Designer honoured for University and town contributions
08 December 2023
A local designer and former Reading lecturer been awarded an honorary degree in recognition of his outstanding contributions to the University and the town.
Martin Andrews received the Honorary Degree of Doctor of Letters in a ceremony on Thursday 7 December.
Andrews first attended the University of Reading as an undergraduate in the 1970s, graduating with a degree in Typography & Graphic Communication in 1976. He then pursued work as an exhibition designer at the Reading Museum and won a Museum of the Year award for installing the Riverside Museum at Blake’s Lock, Reading.
In 1990, Andrews returned to the University as a lecturer in the Department of Typography & Graphic Communication, where he remained for many years. He taught typography and specialised in printing history, lecturing extensively on this topic. Andrews also authored several books and greatly contributed to the Department's collections over the years.
Since retiring from lecturing, Andrews has returned to working as an exhibition designer and artist. He redeveloped the Ure Museum in Reading as well as museums for Oxford University Press and the Royal Berkshire Hospital. He continues to promote the arts locally through his tireless work with the Reading Guild of Artists and Two Rivers Press.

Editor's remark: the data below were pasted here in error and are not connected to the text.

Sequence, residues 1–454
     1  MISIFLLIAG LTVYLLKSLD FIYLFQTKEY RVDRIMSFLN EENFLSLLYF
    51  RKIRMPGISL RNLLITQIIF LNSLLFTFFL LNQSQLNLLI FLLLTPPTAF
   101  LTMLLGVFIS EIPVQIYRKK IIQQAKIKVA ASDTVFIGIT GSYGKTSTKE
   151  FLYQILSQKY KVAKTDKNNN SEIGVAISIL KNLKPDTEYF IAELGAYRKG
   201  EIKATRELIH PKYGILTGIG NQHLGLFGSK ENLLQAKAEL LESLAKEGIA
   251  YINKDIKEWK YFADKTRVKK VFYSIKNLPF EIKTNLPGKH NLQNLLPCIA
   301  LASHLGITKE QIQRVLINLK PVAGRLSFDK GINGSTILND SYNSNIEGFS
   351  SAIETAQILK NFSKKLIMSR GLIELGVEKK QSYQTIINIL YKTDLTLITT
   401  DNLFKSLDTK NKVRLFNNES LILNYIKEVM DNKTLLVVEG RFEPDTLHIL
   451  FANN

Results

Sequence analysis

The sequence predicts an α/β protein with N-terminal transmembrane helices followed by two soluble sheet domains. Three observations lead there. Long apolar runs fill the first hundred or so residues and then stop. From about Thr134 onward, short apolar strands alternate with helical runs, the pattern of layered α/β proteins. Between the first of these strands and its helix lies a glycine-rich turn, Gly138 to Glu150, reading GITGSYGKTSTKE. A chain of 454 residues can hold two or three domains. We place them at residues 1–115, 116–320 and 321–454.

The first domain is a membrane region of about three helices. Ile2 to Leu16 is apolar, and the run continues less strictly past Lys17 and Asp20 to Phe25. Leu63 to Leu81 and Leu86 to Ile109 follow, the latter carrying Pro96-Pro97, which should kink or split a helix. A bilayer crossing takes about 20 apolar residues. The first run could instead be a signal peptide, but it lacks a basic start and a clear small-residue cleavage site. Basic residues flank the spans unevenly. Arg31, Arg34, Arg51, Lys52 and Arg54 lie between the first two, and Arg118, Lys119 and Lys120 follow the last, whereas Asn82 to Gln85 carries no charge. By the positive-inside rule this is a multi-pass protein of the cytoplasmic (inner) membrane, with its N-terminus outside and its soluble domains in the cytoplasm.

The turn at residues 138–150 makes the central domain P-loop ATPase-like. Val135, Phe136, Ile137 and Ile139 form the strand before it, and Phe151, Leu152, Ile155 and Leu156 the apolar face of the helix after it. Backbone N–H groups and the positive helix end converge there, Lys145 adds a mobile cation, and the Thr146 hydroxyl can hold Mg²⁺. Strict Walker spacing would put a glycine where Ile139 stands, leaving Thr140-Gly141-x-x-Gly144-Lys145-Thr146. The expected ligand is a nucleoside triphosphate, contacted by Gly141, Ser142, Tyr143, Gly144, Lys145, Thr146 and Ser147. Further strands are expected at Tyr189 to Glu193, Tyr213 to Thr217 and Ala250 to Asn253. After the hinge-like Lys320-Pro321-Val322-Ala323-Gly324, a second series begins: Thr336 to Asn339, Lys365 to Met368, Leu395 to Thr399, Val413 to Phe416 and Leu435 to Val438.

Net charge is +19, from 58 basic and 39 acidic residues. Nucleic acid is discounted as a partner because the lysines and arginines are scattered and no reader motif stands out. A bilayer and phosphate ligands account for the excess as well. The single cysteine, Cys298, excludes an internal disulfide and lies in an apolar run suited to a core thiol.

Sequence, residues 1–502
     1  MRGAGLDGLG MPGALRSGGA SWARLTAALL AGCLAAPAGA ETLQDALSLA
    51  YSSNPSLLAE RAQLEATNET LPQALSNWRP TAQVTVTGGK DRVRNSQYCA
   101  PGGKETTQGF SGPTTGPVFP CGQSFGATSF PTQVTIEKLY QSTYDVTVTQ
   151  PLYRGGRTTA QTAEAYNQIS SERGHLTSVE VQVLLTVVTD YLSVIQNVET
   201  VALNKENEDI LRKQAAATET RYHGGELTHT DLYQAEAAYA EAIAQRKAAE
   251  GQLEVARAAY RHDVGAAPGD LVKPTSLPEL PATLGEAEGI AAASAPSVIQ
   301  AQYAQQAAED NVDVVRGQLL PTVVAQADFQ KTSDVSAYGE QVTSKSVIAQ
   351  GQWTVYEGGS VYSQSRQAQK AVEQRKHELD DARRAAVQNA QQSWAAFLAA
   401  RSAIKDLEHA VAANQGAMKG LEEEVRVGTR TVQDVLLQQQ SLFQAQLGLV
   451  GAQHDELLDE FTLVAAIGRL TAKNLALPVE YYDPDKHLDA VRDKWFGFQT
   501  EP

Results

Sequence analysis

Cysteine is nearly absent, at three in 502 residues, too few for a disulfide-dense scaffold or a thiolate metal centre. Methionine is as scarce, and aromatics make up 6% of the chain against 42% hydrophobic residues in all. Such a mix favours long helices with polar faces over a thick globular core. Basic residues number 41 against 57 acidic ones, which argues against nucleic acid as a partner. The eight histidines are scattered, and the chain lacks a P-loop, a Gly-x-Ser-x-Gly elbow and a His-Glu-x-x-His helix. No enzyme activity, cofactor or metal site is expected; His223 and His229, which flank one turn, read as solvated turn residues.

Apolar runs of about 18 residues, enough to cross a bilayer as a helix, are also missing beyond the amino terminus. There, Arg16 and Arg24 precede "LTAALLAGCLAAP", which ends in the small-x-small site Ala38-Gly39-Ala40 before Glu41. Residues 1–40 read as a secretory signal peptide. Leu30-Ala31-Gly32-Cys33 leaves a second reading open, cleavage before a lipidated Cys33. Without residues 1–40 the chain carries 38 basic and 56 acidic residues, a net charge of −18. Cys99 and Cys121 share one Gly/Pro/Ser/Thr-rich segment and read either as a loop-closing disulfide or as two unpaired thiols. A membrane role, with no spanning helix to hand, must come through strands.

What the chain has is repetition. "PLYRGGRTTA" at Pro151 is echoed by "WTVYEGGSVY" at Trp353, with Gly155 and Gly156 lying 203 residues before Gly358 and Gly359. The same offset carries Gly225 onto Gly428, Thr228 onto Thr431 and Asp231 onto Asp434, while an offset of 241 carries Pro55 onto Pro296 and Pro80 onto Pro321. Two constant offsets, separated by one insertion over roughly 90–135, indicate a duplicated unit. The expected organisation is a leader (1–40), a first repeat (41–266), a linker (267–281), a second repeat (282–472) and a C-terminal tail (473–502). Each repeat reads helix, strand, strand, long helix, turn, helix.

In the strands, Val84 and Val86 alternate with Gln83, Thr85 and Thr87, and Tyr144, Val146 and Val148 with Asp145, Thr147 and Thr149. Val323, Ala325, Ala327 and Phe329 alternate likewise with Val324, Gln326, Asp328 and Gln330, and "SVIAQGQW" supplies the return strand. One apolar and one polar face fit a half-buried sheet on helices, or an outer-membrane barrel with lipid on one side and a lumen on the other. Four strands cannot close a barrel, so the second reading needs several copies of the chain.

Now 70 years old, Andrews lives in Reading with his wife Verity, who also studied at the University of Reading after meeting Andrews at school. He continues to work as a painter, printmaker, and exhibition consultant for television period dramas.
Dr Smith, University Museums and Special Collections Services Director of Academic Learning and Engagement at the University of Reading, said: "Martin is impossible to summarise. He is simply passionate about too many things. He is a multifaceted artist working in oil and acrylics. He carves in stone and is a talented printmaker. He researches, he and he designs exhibitions. He has been a set consultant for period dramas. His energy is boundless. Martin recently turned 70 and he remains unstoppable. One of the very few things Martin does not seem to have done in his 70 years is get his doctorate. I am glad he can finally tick that off the list.”